National housing market’s price growth slows year-over-year

Canada’s housing market showed slowing year-over-year (YOY) price growth in the first quarter of the year, according to the Royal LePage House Price Survey released on Thursday.

The Royal LePage National House Price Composite, compiled from proprietary property data in 63 of the country’s largest housing markets, showed that the average home price increased by just 2.7% YOY to $621,575 in Q1 2019, well below the long-term norm of about 5%.

By housing type, the median price of a two-storey home rose by 2.6% YOY to $729,553, while the median price of a bungalow rose by 11% YOY to $513,497. Condos remained the fastest-growing housing type on a national basis, rising by 5.4% YOY to $447,260.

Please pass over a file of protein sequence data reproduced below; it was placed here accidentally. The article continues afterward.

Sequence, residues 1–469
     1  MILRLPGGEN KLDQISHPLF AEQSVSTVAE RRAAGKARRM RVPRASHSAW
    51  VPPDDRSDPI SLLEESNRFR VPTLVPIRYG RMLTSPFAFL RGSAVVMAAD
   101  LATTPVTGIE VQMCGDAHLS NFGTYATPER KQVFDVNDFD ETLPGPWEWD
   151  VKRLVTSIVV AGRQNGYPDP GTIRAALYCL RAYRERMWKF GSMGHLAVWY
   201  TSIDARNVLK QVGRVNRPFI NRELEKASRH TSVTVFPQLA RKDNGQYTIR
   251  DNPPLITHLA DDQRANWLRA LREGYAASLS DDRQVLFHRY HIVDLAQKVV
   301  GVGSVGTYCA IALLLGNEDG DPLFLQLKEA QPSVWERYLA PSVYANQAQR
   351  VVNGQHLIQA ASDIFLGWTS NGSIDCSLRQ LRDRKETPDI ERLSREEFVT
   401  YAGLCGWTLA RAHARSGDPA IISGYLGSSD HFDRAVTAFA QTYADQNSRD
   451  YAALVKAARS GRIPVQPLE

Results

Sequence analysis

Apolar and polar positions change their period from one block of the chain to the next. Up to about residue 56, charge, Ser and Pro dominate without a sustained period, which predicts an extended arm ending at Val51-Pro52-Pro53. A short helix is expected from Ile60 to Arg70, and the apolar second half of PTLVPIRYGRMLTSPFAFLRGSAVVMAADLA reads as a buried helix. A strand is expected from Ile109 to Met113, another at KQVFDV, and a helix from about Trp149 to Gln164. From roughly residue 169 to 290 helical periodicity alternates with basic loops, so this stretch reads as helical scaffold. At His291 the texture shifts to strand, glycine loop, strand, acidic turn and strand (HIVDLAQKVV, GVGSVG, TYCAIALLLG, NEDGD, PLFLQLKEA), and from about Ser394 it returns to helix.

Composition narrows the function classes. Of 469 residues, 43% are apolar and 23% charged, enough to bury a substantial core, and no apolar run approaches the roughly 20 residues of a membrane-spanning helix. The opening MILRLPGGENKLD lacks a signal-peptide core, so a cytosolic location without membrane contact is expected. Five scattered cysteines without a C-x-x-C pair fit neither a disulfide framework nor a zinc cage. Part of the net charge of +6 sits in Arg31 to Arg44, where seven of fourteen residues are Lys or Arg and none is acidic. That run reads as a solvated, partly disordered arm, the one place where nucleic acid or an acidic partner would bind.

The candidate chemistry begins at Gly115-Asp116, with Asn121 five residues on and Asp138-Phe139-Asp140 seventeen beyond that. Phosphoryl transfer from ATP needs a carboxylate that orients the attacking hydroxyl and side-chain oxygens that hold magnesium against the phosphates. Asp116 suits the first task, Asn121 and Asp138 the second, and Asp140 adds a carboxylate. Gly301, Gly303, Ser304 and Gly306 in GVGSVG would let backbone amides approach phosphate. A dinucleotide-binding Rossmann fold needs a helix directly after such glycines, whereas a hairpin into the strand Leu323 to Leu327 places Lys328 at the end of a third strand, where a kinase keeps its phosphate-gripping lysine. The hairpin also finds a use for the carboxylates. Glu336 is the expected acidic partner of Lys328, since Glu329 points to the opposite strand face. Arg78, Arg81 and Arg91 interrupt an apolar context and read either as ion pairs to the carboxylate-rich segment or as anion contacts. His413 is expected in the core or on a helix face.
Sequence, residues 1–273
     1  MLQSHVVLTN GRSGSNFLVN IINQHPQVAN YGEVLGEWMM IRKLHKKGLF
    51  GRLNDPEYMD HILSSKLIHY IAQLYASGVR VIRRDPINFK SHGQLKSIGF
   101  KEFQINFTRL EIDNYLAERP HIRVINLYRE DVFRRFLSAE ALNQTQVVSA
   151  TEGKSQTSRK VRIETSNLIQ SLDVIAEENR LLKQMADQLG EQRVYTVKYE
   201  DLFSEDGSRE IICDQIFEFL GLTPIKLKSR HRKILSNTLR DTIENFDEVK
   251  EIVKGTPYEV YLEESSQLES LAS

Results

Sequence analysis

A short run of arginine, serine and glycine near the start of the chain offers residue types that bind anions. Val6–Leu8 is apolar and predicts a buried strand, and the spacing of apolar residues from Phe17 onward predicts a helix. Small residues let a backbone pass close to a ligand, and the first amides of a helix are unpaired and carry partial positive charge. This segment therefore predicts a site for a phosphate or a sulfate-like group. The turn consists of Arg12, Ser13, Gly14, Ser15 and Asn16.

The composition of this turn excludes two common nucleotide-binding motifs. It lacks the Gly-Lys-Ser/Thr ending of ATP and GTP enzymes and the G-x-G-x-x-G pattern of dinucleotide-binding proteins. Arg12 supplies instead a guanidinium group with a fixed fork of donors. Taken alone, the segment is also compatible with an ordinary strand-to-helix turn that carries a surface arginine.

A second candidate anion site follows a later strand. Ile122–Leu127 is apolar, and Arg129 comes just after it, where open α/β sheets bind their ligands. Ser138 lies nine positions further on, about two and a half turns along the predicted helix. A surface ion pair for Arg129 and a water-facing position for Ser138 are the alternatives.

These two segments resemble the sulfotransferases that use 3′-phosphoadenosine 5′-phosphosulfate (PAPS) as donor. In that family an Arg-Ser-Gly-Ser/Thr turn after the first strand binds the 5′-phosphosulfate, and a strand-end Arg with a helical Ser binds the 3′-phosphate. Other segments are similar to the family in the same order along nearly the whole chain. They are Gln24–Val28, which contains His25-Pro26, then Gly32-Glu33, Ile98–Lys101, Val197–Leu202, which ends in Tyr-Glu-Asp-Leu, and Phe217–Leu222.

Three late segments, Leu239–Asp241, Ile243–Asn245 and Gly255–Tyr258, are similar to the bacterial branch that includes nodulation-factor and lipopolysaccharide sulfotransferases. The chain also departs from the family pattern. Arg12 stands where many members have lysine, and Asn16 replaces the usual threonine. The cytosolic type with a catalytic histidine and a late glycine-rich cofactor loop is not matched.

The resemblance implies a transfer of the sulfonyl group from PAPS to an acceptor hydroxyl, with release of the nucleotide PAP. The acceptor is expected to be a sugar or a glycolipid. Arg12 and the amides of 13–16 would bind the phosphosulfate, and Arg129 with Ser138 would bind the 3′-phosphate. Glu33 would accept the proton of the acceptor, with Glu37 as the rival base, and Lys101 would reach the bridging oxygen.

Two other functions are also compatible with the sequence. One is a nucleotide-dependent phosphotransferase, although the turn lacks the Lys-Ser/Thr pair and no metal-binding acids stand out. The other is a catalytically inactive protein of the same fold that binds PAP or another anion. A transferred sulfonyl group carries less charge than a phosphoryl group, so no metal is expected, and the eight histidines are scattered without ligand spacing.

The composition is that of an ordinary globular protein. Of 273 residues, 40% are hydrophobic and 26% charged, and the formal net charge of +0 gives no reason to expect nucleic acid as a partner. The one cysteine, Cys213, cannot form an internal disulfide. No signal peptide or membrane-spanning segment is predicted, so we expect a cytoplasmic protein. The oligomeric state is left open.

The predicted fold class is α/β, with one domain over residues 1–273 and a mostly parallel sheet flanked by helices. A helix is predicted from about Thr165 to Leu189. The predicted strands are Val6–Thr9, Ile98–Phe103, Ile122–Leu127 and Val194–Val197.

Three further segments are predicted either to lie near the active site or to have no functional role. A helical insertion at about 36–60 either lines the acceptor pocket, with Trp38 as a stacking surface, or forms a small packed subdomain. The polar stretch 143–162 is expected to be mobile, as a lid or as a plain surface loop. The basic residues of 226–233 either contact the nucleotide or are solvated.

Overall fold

Looking ahead to the second quarter, Royal LePage expects national home prices to stay relatively flat throughout the 2019 spring market, with the national aggregate home price increasing by 1% over the next three months.

Meanwhile, several major housing markets have shown noticeable signs of slowing, with nearly half of the regions in Royal LePage’s Quarterly Forecast anticipating quarter-over-quarter price drops. Over the next quarter, Royal LePage expects home prices in Greater Vancouver to fall by 1.4% and Ottawa to post the highest price appreciation – by 2.8% to $482,459.

"We are expecting this to be a sluggish year overall in Canada's residential real estate market, with the hangover from the 2018 market correction and weaker economic growth acting as a drag on home price appreciation, balanced by lower for longer interest rates," said Phil Soper, Royal LePage’s president and CEO. "There is a silver lining here. This slowdown gives buyers – and first-time buyers in particular – an opportunity to buy real estate in our country's largest cities."

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